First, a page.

4.Anti-Americanism. This sentiment is very strong among all sections of the population, and has grown with each new attack against a Muslim country, whether this was done by the US; or by Israel. After the last attack on Gaza, if there were any doubts about where the US stood vis a vis Muslims, these were flooded over.

5. But the essential glue that unites all of the above together is the feeling of deprivation and injustice among the ‘have nots’ which has been built up over the last 60 years of one more atrocious government succeeding the other. So if the average Pakistani is not sympathetic towards the militants, he is certainly not in favour of the establishment. But in among an amazingly high proportion of people who share this sentiment, it does not seem to be there at the conscious level–one can only reach it and dredge it up by questioning people. But this will not long be the case. It is only a matter of time before one of the militant leaders will openly espouse the cause of the have-not, and give it words. When that happens, it will spread like wild fire.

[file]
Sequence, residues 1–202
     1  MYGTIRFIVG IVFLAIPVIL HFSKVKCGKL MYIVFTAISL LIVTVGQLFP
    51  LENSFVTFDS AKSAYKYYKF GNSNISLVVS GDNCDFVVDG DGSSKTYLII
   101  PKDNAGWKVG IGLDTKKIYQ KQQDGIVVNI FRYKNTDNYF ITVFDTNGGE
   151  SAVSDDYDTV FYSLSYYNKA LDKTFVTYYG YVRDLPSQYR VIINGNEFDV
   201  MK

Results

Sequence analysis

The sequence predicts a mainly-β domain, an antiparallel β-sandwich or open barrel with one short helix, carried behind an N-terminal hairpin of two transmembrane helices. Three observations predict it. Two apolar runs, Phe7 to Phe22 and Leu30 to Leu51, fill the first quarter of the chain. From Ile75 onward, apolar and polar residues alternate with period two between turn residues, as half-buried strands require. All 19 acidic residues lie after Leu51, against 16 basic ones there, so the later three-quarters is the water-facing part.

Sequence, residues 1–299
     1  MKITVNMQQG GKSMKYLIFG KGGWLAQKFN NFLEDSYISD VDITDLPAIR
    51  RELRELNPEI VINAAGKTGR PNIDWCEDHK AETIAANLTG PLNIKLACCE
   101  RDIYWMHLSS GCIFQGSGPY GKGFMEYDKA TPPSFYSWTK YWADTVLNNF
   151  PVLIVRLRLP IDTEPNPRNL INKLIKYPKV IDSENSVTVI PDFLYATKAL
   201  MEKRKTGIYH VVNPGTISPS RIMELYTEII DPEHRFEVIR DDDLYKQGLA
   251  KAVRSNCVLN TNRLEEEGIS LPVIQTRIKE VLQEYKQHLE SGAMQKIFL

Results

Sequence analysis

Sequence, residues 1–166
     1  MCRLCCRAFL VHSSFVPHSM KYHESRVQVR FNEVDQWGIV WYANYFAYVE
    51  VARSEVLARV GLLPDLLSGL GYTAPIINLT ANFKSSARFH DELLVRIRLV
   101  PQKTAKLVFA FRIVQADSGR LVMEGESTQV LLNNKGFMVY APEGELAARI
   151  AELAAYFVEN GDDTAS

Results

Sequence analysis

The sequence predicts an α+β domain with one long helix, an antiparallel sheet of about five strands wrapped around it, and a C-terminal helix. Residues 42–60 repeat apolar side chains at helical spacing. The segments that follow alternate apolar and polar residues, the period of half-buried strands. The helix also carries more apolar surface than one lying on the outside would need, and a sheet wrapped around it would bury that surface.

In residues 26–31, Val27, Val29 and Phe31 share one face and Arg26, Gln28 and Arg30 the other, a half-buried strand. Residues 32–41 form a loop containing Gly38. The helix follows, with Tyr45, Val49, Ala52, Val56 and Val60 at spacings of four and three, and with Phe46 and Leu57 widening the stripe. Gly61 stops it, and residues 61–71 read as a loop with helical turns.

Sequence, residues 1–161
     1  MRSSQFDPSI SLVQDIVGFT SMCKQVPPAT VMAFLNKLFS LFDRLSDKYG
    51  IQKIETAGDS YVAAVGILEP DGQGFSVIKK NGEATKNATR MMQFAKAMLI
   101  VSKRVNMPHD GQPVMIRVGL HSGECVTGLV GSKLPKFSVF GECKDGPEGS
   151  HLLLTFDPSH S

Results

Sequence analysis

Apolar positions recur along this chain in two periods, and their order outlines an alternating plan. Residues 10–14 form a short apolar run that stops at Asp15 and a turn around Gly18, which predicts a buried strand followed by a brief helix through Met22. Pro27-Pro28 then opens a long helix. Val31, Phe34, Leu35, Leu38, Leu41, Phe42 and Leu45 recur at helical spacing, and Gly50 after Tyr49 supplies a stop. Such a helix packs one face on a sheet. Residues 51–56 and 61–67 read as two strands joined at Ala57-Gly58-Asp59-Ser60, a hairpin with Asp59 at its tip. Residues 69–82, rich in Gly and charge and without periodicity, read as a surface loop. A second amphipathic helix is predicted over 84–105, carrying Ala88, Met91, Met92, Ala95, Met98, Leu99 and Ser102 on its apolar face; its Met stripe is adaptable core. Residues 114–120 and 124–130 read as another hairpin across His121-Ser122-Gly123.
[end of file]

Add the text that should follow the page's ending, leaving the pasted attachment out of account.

b.The army is more infected by this have-not sentiment than any other. And the jawan, who must translate the generals’ plans into action, has no enthusiasm for it. When this is combined with poor leadership, and the natural aversion to killing their own people, you have perfected the recipe for inaction. All too often, in case of the army, one mistakes pure incompetence for conspiracy.